Beyond chocolate and conversation hearts, many employers are looking to seriously woo employees this Valentine’s Day, and throughout the year. In fact, for most companies, retaining and attracting the best talent in today’s fierce labor market is a top priority in 2022.
The Great Resignation (aka the “Big Quit”) is in full effect. According to a Bureau of Labor Statistics (BLS) report released January 4, 2022, a record 4.5 million Americans left their jobs in November, with the number of private sector quits (not government or farm employees) hitting 4.3 million-and approximately 20 million people quit their jobs in the second half of 2021. And, there are just 0.62 unemployed job seekers for each available job, according to another BLS report. The forecast: employees are likely to continue to have substantial bargaining power in 2022. So employers who want to hold onto the great employees they have-and perhaps take their shot at hiring more- may need to look for creative ways to up the ante this year.
Here are five things employers are doing to retain and hire the best of the best talent in 2022.
Embracing remote work–because it allows for the flexibility some employees are demanding
Remote work was indispensable for many in the early pandemic. Now, having the option to work remotely-at least some of the time-is becoming an expectation. According to a survey of 209,000 people in 190 countries by BCG, 89% of people expect their jobs to be partly remote after the pandemic ends. Hybrid work is now a norm for many employers as they pivot to navigate the ebb and flow of COVID variants, allowing for the flexibility required by the pandemic and meeting employee desires. According to Forbes, in a recent survey of US workers who can work remotely, 74% would prefer to spend at least one day in an office environment post-COVID-19, with 30% looking to work from a space outside the home two or three days per week. Digital nomad visas-which allow employees to work in a different country after an application and a fee-are another lure for some employees who can successfully work away from the office.
What does this mean for employers? In industries and for positions where working remotely is a viable option, employers who don’t offer employees the ability to work remotely-at least part of the week-may see employees jump ship to employers who do. In one report published by Owl Labs, companies that provide the option for remote work have 25% lower turnover than companies that don’t.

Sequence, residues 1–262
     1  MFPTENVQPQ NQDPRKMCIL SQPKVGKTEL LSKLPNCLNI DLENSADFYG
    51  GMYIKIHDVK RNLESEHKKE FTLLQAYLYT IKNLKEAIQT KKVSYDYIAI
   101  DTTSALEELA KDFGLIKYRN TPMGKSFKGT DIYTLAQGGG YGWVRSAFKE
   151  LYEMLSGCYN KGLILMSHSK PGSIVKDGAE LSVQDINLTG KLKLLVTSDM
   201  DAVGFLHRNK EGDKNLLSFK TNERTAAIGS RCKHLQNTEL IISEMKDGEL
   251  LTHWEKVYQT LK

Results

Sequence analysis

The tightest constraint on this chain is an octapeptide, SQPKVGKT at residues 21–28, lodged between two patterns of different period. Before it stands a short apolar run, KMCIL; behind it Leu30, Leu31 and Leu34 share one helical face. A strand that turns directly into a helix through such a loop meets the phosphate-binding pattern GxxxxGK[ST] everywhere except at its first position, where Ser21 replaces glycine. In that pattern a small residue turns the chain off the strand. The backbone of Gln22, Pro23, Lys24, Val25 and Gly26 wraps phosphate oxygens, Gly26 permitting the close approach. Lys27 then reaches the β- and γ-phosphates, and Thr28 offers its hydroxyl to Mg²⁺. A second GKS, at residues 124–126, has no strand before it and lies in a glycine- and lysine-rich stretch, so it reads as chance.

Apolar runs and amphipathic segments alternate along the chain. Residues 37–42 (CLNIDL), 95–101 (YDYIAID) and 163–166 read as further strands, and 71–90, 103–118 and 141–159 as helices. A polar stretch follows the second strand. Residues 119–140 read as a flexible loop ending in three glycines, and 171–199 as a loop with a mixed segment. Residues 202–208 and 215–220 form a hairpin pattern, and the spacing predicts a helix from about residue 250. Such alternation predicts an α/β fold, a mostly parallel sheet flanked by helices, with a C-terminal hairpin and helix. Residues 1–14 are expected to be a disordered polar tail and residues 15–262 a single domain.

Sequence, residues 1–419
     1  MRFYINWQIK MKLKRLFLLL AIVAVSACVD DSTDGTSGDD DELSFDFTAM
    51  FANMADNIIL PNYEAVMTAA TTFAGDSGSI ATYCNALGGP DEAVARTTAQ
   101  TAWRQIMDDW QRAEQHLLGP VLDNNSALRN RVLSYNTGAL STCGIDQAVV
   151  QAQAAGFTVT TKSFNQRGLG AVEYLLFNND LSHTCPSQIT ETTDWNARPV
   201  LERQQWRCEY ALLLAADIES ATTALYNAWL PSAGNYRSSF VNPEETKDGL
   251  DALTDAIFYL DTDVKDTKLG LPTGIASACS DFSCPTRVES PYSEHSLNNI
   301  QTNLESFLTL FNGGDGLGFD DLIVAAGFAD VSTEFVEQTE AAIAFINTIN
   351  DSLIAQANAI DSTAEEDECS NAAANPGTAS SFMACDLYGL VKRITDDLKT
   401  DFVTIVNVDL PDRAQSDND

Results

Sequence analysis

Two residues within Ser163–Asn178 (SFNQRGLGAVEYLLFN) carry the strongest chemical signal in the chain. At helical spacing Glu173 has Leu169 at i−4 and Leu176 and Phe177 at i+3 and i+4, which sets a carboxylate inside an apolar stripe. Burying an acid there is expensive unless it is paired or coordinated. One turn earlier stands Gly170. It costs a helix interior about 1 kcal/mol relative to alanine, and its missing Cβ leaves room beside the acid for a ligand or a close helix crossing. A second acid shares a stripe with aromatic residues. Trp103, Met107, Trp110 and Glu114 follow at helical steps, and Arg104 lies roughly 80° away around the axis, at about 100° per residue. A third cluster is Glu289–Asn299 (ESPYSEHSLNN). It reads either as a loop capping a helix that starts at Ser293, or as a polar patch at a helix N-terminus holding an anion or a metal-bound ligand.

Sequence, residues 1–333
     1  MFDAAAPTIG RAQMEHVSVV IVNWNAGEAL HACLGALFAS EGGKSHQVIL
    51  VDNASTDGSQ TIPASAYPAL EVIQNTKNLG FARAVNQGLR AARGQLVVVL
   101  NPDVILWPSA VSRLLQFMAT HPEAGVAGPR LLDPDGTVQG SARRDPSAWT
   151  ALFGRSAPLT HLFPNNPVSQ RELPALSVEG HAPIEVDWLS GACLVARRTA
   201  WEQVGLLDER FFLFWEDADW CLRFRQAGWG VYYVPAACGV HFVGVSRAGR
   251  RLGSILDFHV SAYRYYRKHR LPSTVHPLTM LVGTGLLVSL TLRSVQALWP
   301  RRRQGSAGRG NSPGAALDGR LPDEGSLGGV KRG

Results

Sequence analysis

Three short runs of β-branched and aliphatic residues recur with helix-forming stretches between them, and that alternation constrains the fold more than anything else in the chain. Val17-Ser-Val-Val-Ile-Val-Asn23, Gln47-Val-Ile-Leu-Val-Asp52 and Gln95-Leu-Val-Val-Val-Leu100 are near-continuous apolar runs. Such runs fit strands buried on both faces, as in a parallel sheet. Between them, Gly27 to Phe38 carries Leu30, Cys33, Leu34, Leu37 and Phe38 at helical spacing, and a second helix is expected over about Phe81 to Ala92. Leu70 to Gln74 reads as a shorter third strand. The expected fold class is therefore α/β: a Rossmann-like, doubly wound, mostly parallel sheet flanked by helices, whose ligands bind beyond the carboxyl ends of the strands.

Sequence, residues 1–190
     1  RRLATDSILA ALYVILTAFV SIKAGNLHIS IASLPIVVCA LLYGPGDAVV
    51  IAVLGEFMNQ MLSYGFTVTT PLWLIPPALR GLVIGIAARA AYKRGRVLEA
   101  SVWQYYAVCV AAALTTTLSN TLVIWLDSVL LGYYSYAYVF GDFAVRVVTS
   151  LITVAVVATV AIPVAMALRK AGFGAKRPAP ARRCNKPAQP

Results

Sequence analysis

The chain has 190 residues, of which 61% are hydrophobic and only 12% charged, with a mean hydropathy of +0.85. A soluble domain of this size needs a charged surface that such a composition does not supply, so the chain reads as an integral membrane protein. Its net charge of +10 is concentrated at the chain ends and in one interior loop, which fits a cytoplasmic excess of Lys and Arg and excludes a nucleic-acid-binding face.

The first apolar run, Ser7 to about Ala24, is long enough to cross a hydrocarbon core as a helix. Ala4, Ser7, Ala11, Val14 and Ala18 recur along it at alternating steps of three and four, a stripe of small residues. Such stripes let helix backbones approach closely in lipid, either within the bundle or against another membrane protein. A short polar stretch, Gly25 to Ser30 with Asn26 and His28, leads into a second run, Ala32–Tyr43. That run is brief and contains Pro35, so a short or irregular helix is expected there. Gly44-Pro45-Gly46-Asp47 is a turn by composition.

But remote work isn’t as easy as just telling employees they can work from home-or wherever they want.
Employers must consider a myriad of employment law issues before crafting any type of remote work policy, including:
- How employers will define “remote” for their workforce–i.e. temporary “short stints,” permanent remote work, hybrid work (working some days from home and others in the office), or some combination of these. And, employers must decide whether employees will be permitted to work remotely only from home, or remotely from anywhere.
- “Guardrails” or boundaries for the workforce. Often, this is based on factors such as whether the company already has a legal presence in the subject jurisdiction and ensuring employees can remain subject to company rules and expectations in the jurisdiction from which the employee is requesting to remotely work. Other factors, such as head count triggers for application of paid sick leave laws, must also be taken into consideration.
- Designing an application process with established criteria. Where used, an application process should cover details such as which job positions can be performed remotely, eligible locations, whether a justification is required, and the objective criteria for accepting / rejecting applications. Decision-makers must be trained on applying the criteria objectively.
- Developing policies to support the remote model, including salary/cost of living adjustments, how necessary equipment will be provided and whether certain costs will be reimbursed, how the company will track hours/overtime/mandatory rest breaks, necessary steps to mitigate increased risks of misappropriation of confidential information and trade secrets, and revising the business travel policy as necessary to apply to remote workers.
- Providing employees with individualized remote work agreements, setting forth important information such as the effective date of the arrangement, expected hours of work, use of equipment, reimbursement/stipends, insurance requirements, and compensation. Agreements should also confirm the work location (to document the employee’s representation of the jurisdiction in which they are working and paying taxes) and protect the company’s right to recall employees to an onsite location.
- Training managers and supervisors on the importance of treating all employees equally, whether they are in the office daily with substantial “face time,” or almost never in the office with only remote meeting “face time,” to avoid discrimination claims.
However employers decide, any type of remote work program raises a plethora of compliance issues-including employment law as mentioned above, as well as benefits and compensation, tax, privacy, and corporate law issues-all of which change from jurisdiction to jurisdiction. As employers design and implement remote work programs, they should work with counsel to stay compliant.
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